By Adam Jusko, ProudMoney.com, firstname.lastname@example.org
You’ve got money to invest but you’re not sure how much to put in stocks vs. bonds. Plus, how much to keep in cash? Or, maybe you’ve been investing for a long time but you’re not exactly young anymore. Should you be lowering the amount of stocks you own?
The best asset allocation at any age is going to strike a balance between being aggressive enough to get the upside of the stock market while also protecting some of your money through bonds or other fixed-income assets. The more risk tolerance you have, the more you should put in stocks. If you are leery of putting too much in stocks, you can dial back a bit on those and still have a portfolio that performs well.
Common Asset Allocation Formulas
The 100 Minus
In the past, a suggested formula for how much of your investing dollars to put into the stock market was this:
100 – your current age = % in stocks
In other words, if you were 25:
100 – 25 = 75% of your portfolio in stocks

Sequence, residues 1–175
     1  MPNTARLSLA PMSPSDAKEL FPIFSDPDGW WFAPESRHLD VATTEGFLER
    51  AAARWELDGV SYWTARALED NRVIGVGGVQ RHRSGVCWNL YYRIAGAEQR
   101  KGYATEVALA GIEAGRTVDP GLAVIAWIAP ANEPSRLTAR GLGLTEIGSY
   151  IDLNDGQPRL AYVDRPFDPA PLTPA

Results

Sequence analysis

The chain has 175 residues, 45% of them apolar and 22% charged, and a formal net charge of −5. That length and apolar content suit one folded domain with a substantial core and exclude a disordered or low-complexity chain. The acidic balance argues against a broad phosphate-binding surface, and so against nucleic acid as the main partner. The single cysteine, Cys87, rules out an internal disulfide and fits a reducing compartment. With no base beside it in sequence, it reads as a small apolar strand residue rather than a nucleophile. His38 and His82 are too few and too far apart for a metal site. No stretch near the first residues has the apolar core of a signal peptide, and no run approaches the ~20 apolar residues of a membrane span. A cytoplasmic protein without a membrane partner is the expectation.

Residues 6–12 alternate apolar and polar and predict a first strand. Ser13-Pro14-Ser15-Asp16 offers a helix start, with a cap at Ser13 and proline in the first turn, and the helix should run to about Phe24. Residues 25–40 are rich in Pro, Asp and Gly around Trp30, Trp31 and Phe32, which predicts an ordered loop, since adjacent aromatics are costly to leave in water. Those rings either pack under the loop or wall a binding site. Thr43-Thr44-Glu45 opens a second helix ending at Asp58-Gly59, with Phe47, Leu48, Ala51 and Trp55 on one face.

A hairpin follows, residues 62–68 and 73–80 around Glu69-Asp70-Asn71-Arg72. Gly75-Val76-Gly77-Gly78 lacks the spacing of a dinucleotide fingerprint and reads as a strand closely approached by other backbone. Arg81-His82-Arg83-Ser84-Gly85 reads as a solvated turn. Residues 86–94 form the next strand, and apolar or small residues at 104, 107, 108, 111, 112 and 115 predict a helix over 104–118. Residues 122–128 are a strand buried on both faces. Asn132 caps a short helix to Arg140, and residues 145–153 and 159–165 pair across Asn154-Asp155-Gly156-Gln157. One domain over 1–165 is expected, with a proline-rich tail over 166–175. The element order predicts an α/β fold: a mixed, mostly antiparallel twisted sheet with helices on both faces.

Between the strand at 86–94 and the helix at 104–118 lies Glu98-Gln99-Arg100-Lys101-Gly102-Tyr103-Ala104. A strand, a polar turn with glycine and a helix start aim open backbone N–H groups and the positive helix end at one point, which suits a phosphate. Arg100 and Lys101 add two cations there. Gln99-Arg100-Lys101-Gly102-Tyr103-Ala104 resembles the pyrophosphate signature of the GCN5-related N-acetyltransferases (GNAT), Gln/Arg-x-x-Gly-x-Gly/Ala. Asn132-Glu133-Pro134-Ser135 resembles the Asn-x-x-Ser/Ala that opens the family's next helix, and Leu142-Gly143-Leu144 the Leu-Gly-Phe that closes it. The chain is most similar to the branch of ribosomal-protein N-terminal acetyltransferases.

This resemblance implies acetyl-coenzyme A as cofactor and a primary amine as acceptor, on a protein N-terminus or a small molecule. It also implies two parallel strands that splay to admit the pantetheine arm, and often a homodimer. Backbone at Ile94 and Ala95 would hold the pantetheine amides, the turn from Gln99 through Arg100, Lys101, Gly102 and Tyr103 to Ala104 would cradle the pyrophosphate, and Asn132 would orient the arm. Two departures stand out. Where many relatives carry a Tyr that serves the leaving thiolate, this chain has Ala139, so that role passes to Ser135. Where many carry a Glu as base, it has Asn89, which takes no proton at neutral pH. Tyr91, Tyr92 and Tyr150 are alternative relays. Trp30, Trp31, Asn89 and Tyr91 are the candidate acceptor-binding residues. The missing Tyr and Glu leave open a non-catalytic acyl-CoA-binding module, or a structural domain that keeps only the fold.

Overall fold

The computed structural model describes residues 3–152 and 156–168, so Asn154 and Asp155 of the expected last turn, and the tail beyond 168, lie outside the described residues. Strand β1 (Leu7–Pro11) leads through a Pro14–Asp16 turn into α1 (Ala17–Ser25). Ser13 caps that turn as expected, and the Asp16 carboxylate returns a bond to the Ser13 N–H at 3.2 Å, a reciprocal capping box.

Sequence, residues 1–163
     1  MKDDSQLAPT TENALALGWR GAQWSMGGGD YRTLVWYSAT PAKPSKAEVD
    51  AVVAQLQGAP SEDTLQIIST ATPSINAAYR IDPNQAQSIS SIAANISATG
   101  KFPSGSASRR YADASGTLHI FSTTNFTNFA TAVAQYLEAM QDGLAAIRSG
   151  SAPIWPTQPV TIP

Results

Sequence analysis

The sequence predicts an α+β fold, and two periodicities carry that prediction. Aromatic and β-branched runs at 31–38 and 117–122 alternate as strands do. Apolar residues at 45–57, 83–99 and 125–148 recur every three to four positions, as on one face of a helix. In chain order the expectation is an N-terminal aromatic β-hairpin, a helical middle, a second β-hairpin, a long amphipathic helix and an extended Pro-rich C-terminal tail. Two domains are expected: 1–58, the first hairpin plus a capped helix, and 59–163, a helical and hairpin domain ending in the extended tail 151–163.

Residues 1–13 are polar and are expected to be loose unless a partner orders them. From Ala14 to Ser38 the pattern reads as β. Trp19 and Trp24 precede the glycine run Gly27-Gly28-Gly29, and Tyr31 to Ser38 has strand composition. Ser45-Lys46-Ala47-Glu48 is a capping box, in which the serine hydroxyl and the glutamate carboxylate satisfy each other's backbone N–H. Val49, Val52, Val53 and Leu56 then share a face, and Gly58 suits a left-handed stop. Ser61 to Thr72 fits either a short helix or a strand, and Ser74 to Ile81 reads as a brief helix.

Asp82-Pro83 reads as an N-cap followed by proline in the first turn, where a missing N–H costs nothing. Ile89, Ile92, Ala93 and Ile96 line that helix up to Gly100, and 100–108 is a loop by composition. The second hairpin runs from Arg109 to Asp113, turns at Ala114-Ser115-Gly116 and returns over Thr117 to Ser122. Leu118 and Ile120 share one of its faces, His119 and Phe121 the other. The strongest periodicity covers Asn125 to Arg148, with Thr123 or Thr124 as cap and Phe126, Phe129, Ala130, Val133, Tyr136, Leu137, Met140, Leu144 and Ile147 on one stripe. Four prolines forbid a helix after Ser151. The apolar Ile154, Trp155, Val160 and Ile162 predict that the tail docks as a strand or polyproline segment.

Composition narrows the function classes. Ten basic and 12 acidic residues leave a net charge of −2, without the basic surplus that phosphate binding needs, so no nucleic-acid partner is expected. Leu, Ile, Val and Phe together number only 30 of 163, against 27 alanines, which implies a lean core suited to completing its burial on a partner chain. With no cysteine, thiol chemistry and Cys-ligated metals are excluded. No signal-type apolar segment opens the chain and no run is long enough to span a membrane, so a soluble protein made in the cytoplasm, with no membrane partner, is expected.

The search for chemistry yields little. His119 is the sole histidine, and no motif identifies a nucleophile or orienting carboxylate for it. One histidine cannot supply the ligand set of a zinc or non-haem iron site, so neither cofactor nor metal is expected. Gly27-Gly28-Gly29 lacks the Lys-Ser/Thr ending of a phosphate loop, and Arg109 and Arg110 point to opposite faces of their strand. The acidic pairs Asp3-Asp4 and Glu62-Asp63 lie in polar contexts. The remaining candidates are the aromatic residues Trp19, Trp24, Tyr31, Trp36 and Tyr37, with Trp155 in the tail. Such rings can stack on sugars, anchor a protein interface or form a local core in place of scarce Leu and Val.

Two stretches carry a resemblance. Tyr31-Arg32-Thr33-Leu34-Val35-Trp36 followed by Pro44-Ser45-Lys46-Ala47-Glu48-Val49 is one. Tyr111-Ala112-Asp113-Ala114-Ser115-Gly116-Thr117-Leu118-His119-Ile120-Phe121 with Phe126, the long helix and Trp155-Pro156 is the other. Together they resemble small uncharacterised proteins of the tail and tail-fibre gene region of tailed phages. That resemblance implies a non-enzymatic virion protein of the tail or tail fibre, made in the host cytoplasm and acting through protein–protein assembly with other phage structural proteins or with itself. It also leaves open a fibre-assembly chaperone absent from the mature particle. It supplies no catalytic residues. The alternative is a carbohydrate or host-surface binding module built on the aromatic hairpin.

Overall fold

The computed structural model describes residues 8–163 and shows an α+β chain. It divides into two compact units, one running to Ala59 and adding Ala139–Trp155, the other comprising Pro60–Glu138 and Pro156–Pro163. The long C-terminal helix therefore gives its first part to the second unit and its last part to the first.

If you were 55:
100 – 55 = 45% of your portfolio in stocks
The 110 Minus or 120 Minus
These days, few investment advisors would suggest the 100 Minus formula. With people living longer and their investments needing to last longer in retirement, it’s necessary to be a bit more aggressive in terms of exposure to the stock market. At the very least, most would suggest you change the formula to 110 Minus. If you are age 25, that of course means:
110 – 25 = 85% in stocks
If you are age 55, that means:
110 – 55 – 55% in stocks
Some would even suggest you go to 120 Minus, meaning our 25 year old would have 95% in stocks (120 – 25 = 95) and our 55 year old would have 65% in stocks (120 – 55 = 65).
My Thought: A Sliding Scale Based on Age, Performance, and Overall Wealth
Any formula you use will do better in some markets vs. others. If the stock market is booming, obviously people that took the higher risk and invested heavily in stocks will do better. But if the stock market is unsteady or even goes down, those will less exposure to stocks will do better.
That said, historically the stock market has far outperformed the bond market. The longer you have to invest before you need to take out money, the more it makes sense to be heavy into stocks. Even the biggest downturns in the stock market have reversed over time and given patient stock investors better returns than the bond market.
So, my thought is that you don’t strictly adhere to one formula. My advice would be:
Go heavy into stocks when you are young.